Monday, August 02, 2010

Breaking Browsers: Hacking Auto-Complete (All Materials Available)

BlackHat was one amazing ride. Over 5,000 people attended, a conference record. I got to see a ton of friends and colleagues and was fortunate enough to meet many new and interesting people. Of course a big highlight for me was my presentation, in which roughly 800 - 1,000 people showed up. A great turn out considering the talk was up against really solid and well-known presenters like Haroon Meer, Moxie Marlinspike, Christofer Hoff, and Ivan Ristic. Aside from some projector glitches and a failed cookie eviction demo everything went smoothly. From feedback in the hallway much of the audiences pin-drop silence was due to shock given how ridiculously simple yet effective these hacks were. :)

Essentially I described how a malicious website could steal their visitors names, job title, workplace, physical address, telephone number, email addresses, usernames, passwords, search terms, social security numbers, credit card numbers, and on and on by manipulating a Web browsers HTML form auto-complete / autofill functionality. For good measure I also showed show a Web page could evict all of a users cookies thereby automatically logging users out of all their current sessions, delete tracking cookies, and so on. Lastly, with only clever bits of of javascript, these attacks impact millions of Web users cheaply via online advertising networks. Yes, a lot of fun.

My complete “Breaking Browsers: Hacking Auto-Complete” slide deck is available. I’ve put up a series of blog posts describing each of the distinct Web hacking techniques complete with proof-of-concept code, screen shots, videos, and technical explanations. Enjoy!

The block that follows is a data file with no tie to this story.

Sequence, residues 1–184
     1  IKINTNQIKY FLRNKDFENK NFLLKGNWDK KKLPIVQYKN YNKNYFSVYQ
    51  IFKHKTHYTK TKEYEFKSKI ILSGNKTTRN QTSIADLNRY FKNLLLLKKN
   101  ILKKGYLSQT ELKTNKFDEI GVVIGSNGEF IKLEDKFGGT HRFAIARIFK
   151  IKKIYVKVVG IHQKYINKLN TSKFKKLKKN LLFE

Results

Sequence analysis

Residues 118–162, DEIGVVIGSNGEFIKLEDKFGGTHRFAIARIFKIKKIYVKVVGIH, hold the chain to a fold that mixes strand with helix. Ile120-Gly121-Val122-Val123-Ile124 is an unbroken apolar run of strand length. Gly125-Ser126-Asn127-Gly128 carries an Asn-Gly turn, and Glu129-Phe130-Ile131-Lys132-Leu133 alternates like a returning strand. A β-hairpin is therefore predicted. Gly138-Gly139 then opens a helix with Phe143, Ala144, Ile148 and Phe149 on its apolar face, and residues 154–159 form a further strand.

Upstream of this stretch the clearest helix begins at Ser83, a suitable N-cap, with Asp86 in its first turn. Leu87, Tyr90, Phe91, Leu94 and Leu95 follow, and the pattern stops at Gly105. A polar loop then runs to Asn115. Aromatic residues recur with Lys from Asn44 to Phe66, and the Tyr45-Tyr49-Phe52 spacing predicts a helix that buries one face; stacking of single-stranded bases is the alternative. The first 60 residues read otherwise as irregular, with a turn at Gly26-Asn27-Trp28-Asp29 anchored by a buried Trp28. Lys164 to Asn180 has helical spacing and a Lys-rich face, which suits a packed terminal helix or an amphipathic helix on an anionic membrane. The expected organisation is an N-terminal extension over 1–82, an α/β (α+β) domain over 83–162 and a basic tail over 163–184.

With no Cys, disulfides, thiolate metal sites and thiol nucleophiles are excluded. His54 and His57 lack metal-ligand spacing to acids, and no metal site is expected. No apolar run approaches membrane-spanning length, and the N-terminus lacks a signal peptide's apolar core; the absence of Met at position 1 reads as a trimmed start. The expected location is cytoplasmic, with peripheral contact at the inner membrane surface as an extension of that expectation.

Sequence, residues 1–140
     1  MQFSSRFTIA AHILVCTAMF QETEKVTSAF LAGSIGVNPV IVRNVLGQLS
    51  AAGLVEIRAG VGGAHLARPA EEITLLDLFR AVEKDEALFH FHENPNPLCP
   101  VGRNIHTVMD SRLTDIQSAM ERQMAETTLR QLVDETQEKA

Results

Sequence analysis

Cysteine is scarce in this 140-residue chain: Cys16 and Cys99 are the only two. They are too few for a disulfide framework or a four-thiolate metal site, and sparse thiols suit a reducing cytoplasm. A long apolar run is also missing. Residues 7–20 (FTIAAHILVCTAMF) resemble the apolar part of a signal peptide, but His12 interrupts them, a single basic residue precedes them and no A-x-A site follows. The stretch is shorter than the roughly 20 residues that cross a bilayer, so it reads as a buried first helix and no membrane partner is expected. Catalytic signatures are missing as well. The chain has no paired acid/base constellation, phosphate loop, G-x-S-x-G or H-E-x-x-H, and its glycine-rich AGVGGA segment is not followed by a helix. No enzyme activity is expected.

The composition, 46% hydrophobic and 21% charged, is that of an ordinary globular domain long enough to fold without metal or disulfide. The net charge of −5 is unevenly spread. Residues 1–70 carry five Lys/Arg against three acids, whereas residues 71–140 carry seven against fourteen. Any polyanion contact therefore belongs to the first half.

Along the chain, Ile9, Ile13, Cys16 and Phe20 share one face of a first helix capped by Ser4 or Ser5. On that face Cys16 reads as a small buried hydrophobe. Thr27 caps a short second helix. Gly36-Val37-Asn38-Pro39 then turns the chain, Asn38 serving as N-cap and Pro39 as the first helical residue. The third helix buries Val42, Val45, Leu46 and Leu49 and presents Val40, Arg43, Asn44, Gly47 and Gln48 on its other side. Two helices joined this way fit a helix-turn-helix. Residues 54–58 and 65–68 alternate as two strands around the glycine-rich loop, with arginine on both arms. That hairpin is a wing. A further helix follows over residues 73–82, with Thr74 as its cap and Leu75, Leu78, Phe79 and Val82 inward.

Other closely related Auto-Complete / AutoFill bugs:

7 comments:

Benji said...

Is going into the browsers security/personal settings and deleting previously stored sensitive passwords enough to prevent them being compromised or are they still stored and vulnerable to the techniques detailed above even after being deleted by the user.

Benji said...

Is going into the browsers security/personal settings and deleting previously stored sensitive passwords enough to prevent them being compromised or are they still stored and vulnerable to the techniques detailed above even after being deleted by the user.

Jeremiah Grossman said...

@Benji: That depends on the browser you are using. IE 6/7 and Safari have not been properly patched. IE8/9, Chrome, and Firefox are generally going to be the best choices to protect your auto-complete data. For passwords though, all are susceptible in some way. You might consider a third-party password manager to use instead.

Benji said...

Thank you for the reply Jeremiah.

Can I ask, just to clarify, is turning off the auto-complete and password manager options in a browser like Firefox or Chrome (that I use) then deleting (through the browsers dialog box) previously stored passwords and auto-complete data, mean that (even if the my browser is compromised) the data won't be there to steal because it's been deleted and won't be inadvertently re-captured because the Auto-Complete and Password Remembering functionality has been turned off?

I'm sorry if I'm being dense. But your article was a wake-up call as my main email account and even some internet banking data was auto-completing. So I've taken the steps detailed above to protect myself and am now entering this data manually every time. I'd like to be able to recommend my friends do the same so I need to know if taking the steps above actually makes a difference.

Thanks Again.

Jeremiah Grossman said...

@Benji: Yes. If you disable the auto-complete features and remove the data, then if you machine / browser is compromised in some way, that data will not be lost -- because it doesn't exist. However, if you machine is hacked, you likely have bigger problems than auto-complete. Best to keep secure is all facets.

For myself, I think securing a piece of paper with my passwords is easier and safer than anything on my computer. Food for thought.

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